Toy Review: Diamond Select 7-Inch Star Wars Figures Wave 1
In Diamond Select‘s initial press release announcing 7-inch Star Wars figures, they stated that fans had been clamoring for figures in this scale for a while. Hard to know just how large a groundswell actually existed, but fans who heavily collect McFarlane and NECA can now display a couple of characters in the same scale. Actually, they could before — Disney Stores previously made an exclusive line of 7-inch Star Wars figures. However, their diecast metal composition limited the articulation, and actor likenesses got softer by necessity. Disney presumably wanted a better level of Star Wars 7-inch figures as store exclusives, and Diamond obliged. And not only that: Diamond upped their game with these figures, which are significantly better than much of their recent output. (Which wasn’t bad to begin with.)
Granted, they’re starting with two where the actor likeness doesn’t much matter: Boba Fett and Darth Maul. Few folks look too hard at a Maul figure to determine how exactly it looks like young Ray Park, and this iteration of Boba never takes his helmet off. And Maul may be all black-clad, which brings some ease to the color palette, but Boba Fett generally has one of the most elaborate paint schemes in any given Star Wars line.
That may explain why these figures seem lacking in extras compared to a lot of Diamond Select figures. No diorama bases, no build-a-thing, no alternate heads — but they do include extra hands and blast effects. Did the premium detailing cost extra? Maybe.
Diamond based this Maul figure on the Duel of the Fates scene from The Phantom Menace. Diamond doesn’t generally do “soft goods” like a cloth cape, so don’t expect a hooded robe or cloth skirt. (Rather, expect a whole new hooded sculpt somewhere down the line.) The skirt instead comprises four flexible segments, so he can pose dynamically.
Articulation for Maul is as follows. Limited, ratcheting ball-jointed neck. Disc-and-pin ball-jointed shoulders, elbows, wrists. Ball mid-torso. Cut waist under skirt. Ball hips. Upper-thigh cuts. Double hinge knees, and hinge-and-rocker ankles. On our Maul figure, purchased through the Disney store as no review samples were available, the right thigh-cut came super-loose out of the package. But a little superglue in the joint with a lot of twisting while it dried did the trick and fixed it up.
Maul includes alternate swirly blades for a dynamic “spin” appearance, and the saber splits in the middle, connected by a removable white pin. Besides that he comes with a green “deflected blast” effect, that makes the whole thing look unintentionally Christmassy.
Diamond has emphasized that these figures do not scale with Hasbro’s Black Series. Here’s the proof:
They do, however, work well with McFarlane, NECA, and older DC Direct.
Boba Fett seems to have the same articulation as Maul, with the possible exception of the waist cut. (His toros ball joint being lower down, it’s hard to tell for sure.) The rocket pack is permanently attached and hard plastic, so even though the rocket looks a little bent, it does not bend back easily. Jet blast effects can come off, as can a laser shot effect attached to his gun’s barrel. And yes, the viewfinder moves up and down, just like Cobb Vanth used it. His neck ball joint moves more smoothly than Maul’s — it feels like a pure ball-and-socket connection.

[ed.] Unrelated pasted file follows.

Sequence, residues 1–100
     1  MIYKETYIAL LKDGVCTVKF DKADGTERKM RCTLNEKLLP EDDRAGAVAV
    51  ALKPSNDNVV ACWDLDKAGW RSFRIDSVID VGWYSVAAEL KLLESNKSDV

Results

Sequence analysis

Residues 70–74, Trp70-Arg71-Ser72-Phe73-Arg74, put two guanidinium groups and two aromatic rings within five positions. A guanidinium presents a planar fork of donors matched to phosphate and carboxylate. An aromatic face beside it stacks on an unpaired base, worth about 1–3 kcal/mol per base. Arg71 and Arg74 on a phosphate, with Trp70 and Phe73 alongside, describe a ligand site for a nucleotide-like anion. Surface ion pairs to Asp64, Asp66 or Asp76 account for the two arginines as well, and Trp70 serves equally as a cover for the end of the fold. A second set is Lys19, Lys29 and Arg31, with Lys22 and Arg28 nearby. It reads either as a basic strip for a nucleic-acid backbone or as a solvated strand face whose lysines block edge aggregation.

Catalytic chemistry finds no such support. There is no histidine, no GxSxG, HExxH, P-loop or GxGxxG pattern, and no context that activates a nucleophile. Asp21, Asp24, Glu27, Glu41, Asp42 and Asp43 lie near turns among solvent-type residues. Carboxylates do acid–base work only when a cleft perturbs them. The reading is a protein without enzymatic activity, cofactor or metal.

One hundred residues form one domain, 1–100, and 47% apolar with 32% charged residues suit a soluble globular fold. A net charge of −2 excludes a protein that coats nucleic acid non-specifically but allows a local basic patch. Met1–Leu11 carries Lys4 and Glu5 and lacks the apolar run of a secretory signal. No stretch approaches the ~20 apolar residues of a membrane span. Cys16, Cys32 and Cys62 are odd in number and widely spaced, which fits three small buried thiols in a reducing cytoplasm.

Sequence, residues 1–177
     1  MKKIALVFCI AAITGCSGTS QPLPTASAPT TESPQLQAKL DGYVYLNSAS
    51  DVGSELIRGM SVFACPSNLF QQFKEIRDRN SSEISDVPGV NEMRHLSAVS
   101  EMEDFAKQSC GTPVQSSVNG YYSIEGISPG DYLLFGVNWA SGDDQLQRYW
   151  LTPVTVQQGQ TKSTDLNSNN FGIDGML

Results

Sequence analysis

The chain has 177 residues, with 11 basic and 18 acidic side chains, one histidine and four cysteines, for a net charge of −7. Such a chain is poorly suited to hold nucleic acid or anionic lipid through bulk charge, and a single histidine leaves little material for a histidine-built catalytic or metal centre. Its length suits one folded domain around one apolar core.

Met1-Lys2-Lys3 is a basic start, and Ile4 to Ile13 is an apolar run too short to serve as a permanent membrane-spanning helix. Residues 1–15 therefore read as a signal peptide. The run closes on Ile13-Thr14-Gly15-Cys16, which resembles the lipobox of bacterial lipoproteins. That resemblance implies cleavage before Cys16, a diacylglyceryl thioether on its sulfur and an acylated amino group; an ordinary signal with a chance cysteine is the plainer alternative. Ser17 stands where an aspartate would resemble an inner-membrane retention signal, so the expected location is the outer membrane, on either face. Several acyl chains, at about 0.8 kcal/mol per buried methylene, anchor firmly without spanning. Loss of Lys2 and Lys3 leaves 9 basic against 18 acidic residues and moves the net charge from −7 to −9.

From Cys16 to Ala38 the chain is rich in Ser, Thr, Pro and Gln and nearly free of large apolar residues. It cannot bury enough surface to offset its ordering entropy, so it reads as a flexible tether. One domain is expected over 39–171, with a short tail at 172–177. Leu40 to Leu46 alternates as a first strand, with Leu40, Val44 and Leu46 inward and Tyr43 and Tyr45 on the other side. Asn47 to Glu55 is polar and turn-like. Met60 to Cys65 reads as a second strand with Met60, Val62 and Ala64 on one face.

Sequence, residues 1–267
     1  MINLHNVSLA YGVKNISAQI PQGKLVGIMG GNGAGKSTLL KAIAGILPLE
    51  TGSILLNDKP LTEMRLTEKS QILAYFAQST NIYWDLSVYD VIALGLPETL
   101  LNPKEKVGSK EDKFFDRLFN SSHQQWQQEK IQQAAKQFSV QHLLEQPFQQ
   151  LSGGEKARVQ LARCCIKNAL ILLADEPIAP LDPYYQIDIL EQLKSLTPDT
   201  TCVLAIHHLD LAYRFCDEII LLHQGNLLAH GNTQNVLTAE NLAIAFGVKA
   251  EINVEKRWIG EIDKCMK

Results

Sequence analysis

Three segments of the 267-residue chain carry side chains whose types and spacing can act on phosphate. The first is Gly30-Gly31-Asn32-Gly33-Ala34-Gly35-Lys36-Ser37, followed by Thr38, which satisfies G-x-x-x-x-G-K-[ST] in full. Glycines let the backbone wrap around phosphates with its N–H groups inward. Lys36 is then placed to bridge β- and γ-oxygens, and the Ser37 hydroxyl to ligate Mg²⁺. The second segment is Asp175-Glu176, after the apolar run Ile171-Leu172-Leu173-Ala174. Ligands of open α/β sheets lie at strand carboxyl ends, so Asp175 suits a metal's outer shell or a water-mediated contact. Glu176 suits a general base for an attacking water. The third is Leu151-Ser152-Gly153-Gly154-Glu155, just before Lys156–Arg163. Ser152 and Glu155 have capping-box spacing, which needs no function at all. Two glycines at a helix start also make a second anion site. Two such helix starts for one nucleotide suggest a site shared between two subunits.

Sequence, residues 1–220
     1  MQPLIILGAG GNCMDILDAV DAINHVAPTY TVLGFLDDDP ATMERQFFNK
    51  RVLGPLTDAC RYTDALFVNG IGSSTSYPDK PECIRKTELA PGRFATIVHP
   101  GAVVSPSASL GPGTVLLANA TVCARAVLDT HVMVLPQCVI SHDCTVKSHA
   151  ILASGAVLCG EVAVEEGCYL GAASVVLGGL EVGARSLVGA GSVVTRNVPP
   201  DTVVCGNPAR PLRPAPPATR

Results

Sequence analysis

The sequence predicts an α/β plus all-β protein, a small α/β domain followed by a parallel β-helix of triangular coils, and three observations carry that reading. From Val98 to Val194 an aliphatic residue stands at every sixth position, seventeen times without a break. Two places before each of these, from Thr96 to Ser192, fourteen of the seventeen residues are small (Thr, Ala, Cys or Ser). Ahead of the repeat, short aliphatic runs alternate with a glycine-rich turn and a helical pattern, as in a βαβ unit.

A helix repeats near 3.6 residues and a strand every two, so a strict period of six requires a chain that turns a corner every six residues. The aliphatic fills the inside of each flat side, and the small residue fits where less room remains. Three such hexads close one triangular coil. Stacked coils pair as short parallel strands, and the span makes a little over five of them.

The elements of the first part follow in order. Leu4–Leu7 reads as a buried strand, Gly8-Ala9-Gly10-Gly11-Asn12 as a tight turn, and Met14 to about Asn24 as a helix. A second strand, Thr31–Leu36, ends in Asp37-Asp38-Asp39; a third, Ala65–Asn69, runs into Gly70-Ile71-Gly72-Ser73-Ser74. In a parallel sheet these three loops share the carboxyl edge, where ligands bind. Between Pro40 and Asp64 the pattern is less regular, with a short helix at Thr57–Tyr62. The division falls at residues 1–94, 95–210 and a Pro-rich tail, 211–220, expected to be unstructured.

Fett’s paint job is exceptional, with silver wear and tear marks all over, along with metallic shoe tips and green soles. No sign of slop anywhere, and signature details like the helmet scoring and mythosaur pauldron look as they should. This is the Return of the Jedi version with red gauntlets.
The figure, however, does feature a couple minor issues, the sorts of things a company new to the license might not have reckoned on immediately. Fett’s right arm features tubes that plug into his red gauntlet, but they only properly connect if his arm is posed ramrod-straight, which is an unnatural pose.
Want to pose him holding his gun as he normally does? Those hoses pop out. It’s an awkward detail that mainly nitpickers will focus on.
Meanwhile, a flame effect slots between gauntlet and wrist on his left hand. Looks like it would burn his fingers too, but hey, space physics. Alternate trigger finger hands allow Boba to get ambidextrous.
One other minor issue with Boba Fett is that the hinge on his right angle is restricted, and keeps his right leg at a backward lean. It’s not an obstruction that can easily get cut off with a hobby knife, either. It’s part and parcel of the ankle sculpt. So standing him upright requires compensation, with a forward lean or his other leg back.
Those quibbles aside, these are the best looking Diamond Select action figures to come down the pipe in a long time. The small stuff seems like more a case of first-time Star Wars figure sculptors trying to problem-solve things that other toy companies figured out before. For anyone who wants Jedi, Sith, and bounty hunters to fight Batman, Alien, Predator, or horror icons, these aim to please, and ought to do so. Star Wars is maybe the biggest action figure brand of all time, and cannot be messed up. Thankfully, these do not fail.
Check out even more images in the gallery below.
Recommended Purchase: LEGO Star Wars: The Mandalorian The Razor Crest
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